Sean Mullan and Michael Barwise’s short film about the Derry rapper Hyfin was created with £40,000 awarded to them through the streaming service’s Documentary Talent Fund.
Their creation had to answer the brief, ‘Britain’s not boring, and here’s a story’.
Now their documentary, named after the stage name of Jordan-Lee Brady-James (24), is making its international debut and putting Derry well and truly on the global stage.
Growing up, the rapper wanted to become a professional swimmer. A bad car crash put an end to that dream, but the life-changing moment also focused his ambition.
“I’m not overly religious, but I’m a big believer that things happen for a reason, and I thought, ‘If I can’t do swimming, then it’s time to take this music business seriously. I feel that this is what I have been built to do — to make music,” he explained.
His performing name is a reference to his double-barrelled first and surname, but it’s also what he “does as well”. “I join words together through my music, so it (the name) just made sense,” he said.
Hyfin hopes to “bring something to the table” on the international rap scene after years of being told he would not fit in because of his Derry accent, which only inspired him to prove the doubters wrong. “I hope my music can show to others what it means to be Irish, to be from Derry, to be from here,” he said.
“You have to bring something to the table and do something a bit different to stand out.
“My advice to anyone else from here hoping to start out is to just be you.
“Don’t worry about what other people think or say that you can’t do — just do it and prove them wrong.”
He hopes the new documentary will open doors and raise his profile, but when he was first approached about taking part in the project, he thought someone was playing a prank on him.
“When someone comes to you and says that you’re getting a Netflix documentary made, your first reaction is, ‘Happy days, lad. Catch yourself on’,” he admitted.
“I honestly thought they were taking the hand out of me. I mean, I don’t even have a Spotify page and I’m on Netflix.”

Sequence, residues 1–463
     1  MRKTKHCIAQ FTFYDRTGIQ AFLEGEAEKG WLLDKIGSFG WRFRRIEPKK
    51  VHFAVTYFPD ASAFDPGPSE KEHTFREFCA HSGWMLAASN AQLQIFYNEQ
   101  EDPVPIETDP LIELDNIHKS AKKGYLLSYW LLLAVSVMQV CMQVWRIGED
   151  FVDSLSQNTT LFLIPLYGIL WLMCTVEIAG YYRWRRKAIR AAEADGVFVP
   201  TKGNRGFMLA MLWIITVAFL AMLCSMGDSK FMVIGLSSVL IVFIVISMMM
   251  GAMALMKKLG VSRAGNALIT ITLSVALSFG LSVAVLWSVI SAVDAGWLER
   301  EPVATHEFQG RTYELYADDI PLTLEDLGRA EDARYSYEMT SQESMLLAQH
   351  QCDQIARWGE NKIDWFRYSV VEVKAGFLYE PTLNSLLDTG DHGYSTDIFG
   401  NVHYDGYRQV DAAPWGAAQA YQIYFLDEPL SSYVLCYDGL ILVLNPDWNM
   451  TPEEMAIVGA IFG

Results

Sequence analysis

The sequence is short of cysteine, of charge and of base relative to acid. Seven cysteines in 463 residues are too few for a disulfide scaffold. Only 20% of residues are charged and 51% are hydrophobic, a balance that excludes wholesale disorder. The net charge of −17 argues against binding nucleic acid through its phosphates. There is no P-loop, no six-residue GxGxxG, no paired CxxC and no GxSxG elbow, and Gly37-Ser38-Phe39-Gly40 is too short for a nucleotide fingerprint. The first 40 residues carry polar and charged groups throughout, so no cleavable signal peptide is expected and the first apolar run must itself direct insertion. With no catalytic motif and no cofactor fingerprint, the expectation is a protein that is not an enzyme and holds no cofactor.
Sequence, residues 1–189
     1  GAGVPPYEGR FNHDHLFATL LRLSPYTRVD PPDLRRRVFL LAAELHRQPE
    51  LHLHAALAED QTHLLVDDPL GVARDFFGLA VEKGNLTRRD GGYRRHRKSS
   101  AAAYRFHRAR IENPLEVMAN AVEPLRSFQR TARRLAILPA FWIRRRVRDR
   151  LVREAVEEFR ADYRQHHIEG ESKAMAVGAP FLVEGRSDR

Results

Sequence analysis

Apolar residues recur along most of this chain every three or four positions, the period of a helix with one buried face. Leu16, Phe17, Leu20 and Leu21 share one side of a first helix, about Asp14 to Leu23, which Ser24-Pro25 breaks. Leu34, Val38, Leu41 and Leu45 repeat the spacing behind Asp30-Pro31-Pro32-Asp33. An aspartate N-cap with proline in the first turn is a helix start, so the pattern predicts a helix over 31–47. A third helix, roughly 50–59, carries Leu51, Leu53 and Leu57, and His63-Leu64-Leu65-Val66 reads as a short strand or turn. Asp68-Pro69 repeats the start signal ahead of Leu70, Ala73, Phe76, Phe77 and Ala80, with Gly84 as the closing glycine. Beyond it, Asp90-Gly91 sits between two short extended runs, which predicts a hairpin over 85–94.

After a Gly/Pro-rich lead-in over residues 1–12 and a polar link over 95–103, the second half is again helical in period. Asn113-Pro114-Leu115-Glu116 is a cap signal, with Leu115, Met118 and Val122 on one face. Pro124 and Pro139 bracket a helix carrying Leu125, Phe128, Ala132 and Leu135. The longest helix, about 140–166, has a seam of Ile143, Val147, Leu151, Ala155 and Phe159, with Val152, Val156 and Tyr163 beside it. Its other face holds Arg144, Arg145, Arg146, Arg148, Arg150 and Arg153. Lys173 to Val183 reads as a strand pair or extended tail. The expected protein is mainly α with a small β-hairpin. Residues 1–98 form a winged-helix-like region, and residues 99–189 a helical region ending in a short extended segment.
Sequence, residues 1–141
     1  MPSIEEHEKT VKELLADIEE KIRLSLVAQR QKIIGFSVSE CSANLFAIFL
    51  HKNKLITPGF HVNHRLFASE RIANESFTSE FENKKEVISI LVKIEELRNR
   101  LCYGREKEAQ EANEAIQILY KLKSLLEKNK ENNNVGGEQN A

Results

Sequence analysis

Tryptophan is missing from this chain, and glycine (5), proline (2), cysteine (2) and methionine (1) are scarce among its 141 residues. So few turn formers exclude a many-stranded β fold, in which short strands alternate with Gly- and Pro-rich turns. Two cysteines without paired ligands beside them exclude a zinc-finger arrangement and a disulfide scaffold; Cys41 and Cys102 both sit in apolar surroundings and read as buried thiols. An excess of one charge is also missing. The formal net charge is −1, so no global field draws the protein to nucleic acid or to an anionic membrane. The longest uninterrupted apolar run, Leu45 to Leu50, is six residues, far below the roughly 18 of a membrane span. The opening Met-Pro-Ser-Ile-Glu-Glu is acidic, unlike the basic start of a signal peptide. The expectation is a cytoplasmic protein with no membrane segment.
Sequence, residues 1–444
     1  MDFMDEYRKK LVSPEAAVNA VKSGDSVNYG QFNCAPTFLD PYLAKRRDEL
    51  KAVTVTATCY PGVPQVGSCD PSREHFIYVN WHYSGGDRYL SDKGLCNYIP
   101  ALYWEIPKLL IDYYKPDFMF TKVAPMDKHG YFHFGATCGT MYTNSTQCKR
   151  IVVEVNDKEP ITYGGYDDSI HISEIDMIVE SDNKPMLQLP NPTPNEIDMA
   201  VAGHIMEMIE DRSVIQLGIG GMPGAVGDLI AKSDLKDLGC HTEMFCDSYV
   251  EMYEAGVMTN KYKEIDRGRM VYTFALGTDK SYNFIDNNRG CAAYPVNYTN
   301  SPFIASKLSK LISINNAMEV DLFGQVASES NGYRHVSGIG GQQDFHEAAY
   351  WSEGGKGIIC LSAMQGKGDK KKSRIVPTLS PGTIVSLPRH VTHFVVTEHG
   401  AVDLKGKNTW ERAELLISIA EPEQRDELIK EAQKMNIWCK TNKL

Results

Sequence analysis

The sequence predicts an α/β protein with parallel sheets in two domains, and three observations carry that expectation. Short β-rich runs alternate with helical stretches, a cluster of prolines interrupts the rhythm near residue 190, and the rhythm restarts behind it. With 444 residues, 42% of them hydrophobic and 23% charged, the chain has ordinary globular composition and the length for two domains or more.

Michael and Sean filmed and edited their documentary over six months last year.
Sean found himself drawn to Hyfin’s rapping style after discovering him on Instagram.
“Being from Derry myself, I had never really seen anyone rap like that before,” he said.
“People would often poke fun at others pushing boundaries and trying to express themselves in new ways.
“People would say things like, ‘Derry accents can’t rap’, but to me what they meant was that Hyfin had the skill but shouldn’t be rapping.
“I was taken back by his technical skill but, more importantly, it was this deeper sense of confidence in why (he was rapping) and what he was doing, as if he could see a bigger picture.”
For Michael, one of the most exciting things about filming the new documentary was discovering the North of Ireland’s small but growing rap scene.
“There’s a collective energy that Hyfin and other rappers and artists are tapping into and then building on,” he said.“It’s a different type of expression to what we’ve seen before here, and it’s a really necessary part of a changing Northern Ireland.
“It was great to be a part of that and to see it first-hand during filming.”
The documentary features scenes of a bonfire on the Feast of the Assumption in the Bogside last August, alongside archive footage of a march in the area in 1970.
Contained in the archive footage is a moment where a young man jumps on a stage during a speech by John Hume, frustrated at not being able to work the microphone.
Sean felt this scene mirrored Hyfin’s frustrations — and his determination to have his
“I feel there is an inherent link to the past when you’re telling any story. When you watch or hear a story, it’s already in the past,” he said.
“When you’re addressing current issues affecting a city, it’s important to question, ‘How has it come to this?’“Maybe Northern Ireland knows this more than other places, which is why the past as a theme is in a lot of our stories. We don’t shy away from it.”
All of the films awarded funding by Netflix have been streaming via the UK’s first TikTok Live Line-Up, available to Netflix’s 21.9million TikTok followers.
Hyfin is now available on Netflix’s YouTube channel Still Watching.Tags: